Protein is your body’s basic building material – used to make everything from muscles, bones, and the tissues of internal organs to hormones, enzymes, and even red blood cells. Putting lean protein on your plate delivers an immediate payoff: Meats, low-fat cheeses, eggs, and nuts linger longer in your stomach than bread, rice, fruit, or vegetables, so you feel full longer. Protein also slows the absorption of sugar into your bloodstream, eliminating cravings that occur when sugar soars, then crashes after a carb heavy meal.
Lean protein is also a rich source of the B vitamins that can help you feel more energetic, since the Bs help guide metabolic reactions throughout the body. You also get zinc, which builds strong immunity, and niacin, vita for clear thinking and efficient processing of blood sugar.
Protein’s biggest bonus is preserving lean muscle mass. We all lose muscle mass at the rate of 3 to 5 percent per decade starting in our mid-twenties. By our fifties and sixties, we’ve lost plenty – and may e weaker, have poorer balance, and have slower metabolisms. Protein contains and amino acid called leucine that helps preserve more muscle mass, studies show.
It is important to note that the healthiest meat is “Lean” Protein. You need to choose meats that are as low as possible in visible fat. Another important fact is that we tend to eat huge helpings of meat. Experts suggest 4.5 grams for every 10 pounds of body weight is how much protein you need to eat per day.
Chicken, Turkey and Lean Beef are the Protein Super Foods.
What’s not to love about chicken? A roasted, skinless breast has just 120 to 140 calories, and is packed with all the protein you can ask for with less than half the fat of a trimmed T-bone steak. It’s also very versatile. You can use it in everything from chicken soup at lunch to a plump, roast bird for Sunday dinner. And then there is Turkey. The grand bird is not just for special occasions anymore. A 4-ounce serving of turkey breast provides 60 percent of the protein you need each day without the fat you would get in many cuts of pork or beef. And these days you don’t have to buy a 22-pound bird to enjoy the mouthwatering turkey dinner. Small cuts of boneless turkey are readily available in many markets.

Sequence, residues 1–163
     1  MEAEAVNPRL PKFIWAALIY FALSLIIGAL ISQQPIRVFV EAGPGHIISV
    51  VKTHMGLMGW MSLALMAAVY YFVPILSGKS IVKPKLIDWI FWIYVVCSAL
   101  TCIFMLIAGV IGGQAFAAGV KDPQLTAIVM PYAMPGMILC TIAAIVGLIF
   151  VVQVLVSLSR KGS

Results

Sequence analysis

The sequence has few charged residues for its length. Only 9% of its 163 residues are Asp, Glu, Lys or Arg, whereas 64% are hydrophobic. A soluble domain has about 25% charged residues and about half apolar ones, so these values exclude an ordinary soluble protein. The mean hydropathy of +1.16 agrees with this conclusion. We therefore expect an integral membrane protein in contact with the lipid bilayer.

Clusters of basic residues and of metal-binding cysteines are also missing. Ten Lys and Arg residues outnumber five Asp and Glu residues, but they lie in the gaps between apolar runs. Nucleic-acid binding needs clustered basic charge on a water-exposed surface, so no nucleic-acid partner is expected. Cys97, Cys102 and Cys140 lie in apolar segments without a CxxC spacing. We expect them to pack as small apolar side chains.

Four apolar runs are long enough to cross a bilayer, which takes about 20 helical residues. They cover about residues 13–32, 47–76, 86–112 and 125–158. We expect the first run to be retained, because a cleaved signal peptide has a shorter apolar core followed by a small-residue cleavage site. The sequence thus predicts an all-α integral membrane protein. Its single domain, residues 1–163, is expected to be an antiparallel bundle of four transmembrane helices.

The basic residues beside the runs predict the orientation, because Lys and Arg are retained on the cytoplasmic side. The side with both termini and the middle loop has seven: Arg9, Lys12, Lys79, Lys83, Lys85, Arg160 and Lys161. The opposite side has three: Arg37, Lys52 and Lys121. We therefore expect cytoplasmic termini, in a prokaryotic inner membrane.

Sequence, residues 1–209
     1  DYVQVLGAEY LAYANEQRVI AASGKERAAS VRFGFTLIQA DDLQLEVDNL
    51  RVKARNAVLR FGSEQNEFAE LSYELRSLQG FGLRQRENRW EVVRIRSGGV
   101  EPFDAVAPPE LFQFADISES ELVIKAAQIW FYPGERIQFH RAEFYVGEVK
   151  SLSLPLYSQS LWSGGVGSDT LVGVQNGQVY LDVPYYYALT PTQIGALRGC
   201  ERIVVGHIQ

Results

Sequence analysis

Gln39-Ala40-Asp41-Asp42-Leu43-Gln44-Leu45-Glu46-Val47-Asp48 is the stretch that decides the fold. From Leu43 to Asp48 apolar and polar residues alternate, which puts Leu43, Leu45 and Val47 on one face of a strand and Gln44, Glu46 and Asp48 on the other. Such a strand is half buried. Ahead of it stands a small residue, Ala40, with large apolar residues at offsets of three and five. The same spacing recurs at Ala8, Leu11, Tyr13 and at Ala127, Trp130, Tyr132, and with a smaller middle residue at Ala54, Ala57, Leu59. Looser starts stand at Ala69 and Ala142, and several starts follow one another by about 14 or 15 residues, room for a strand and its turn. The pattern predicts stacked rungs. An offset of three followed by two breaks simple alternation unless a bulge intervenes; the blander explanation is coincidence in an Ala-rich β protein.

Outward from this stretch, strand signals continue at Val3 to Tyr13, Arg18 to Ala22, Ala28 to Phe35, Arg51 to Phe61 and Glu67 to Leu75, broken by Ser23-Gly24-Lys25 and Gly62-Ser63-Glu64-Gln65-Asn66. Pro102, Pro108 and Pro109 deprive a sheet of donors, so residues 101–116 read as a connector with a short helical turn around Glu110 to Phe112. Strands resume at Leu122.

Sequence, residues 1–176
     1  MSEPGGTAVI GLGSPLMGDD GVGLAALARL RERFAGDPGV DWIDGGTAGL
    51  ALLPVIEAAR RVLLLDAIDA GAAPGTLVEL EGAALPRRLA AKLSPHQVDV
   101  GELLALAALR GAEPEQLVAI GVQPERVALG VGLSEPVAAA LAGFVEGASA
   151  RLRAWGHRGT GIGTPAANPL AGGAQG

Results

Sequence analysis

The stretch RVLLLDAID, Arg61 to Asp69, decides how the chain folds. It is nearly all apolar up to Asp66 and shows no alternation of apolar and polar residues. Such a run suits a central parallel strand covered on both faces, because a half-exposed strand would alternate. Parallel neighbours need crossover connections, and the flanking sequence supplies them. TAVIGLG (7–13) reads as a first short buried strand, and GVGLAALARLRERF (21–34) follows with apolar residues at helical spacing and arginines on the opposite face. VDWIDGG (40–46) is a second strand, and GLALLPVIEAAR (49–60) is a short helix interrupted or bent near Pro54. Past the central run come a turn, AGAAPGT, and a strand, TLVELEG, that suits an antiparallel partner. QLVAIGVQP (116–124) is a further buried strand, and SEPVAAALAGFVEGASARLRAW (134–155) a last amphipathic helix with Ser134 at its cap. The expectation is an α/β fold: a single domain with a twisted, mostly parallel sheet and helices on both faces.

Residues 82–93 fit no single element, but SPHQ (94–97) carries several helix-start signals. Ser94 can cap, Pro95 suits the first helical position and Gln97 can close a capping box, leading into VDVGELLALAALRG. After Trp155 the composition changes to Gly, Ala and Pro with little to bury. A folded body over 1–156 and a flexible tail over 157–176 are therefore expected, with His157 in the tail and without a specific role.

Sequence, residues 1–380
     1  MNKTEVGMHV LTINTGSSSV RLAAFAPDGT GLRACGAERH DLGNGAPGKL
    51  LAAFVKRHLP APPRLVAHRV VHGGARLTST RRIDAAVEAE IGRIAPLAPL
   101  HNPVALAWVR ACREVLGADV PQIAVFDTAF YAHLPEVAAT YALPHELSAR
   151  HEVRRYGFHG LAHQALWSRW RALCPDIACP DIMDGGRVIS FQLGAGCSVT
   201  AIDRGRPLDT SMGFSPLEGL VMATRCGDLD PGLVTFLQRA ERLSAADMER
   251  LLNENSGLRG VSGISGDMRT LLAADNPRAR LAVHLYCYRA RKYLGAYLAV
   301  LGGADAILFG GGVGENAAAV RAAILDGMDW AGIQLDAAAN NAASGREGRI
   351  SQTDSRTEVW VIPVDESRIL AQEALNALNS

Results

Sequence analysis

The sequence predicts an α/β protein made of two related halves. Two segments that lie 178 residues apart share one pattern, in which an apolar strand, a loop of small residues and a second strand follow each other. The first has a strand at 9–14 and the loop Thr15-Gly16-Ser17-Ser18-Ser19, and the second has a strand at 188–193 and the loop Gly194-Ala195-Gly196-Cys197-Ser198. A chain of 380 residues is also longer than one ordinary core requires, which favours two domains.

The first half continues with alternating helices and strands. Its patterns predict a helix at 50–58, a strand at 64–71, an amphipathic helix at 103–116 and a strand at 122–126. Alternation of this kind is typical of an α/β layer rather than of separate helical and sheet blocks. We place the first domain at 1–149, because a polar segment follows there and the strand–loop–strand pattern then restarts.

Still like your beef? Lean beef cuts like top sirloin, tenderloin, and top loin are surprisingly low in fat – and the fat they contain isn’t the artery clogging kind. Half the fatty acids in a 3 ounce serving of lean beef are monounsaturated fatty acids, the same heart-healthy kind found in olive oil that research shows may have cholesterol-lowering abilities.
What about Pork? The story is similar with Pork. The tenderloin is super lean, luscious, and perfectly healthy in moderate portions.
What is the best way to eat any kind of portion of beef? With a side of Greens! It is a scientific mysterious component to beef. Scientist call it the “the meat factor”. It helps your body absorb more of the iron in vegetables when you are eating lean beef along-side it. Like to barbecue? Cruciferous vegetables such as broccoli and Brussels sprouts help your body disarm unhealthy carcinogenic compounds called heterocyclic amines that are produce when meat is grilled or charbroiled.
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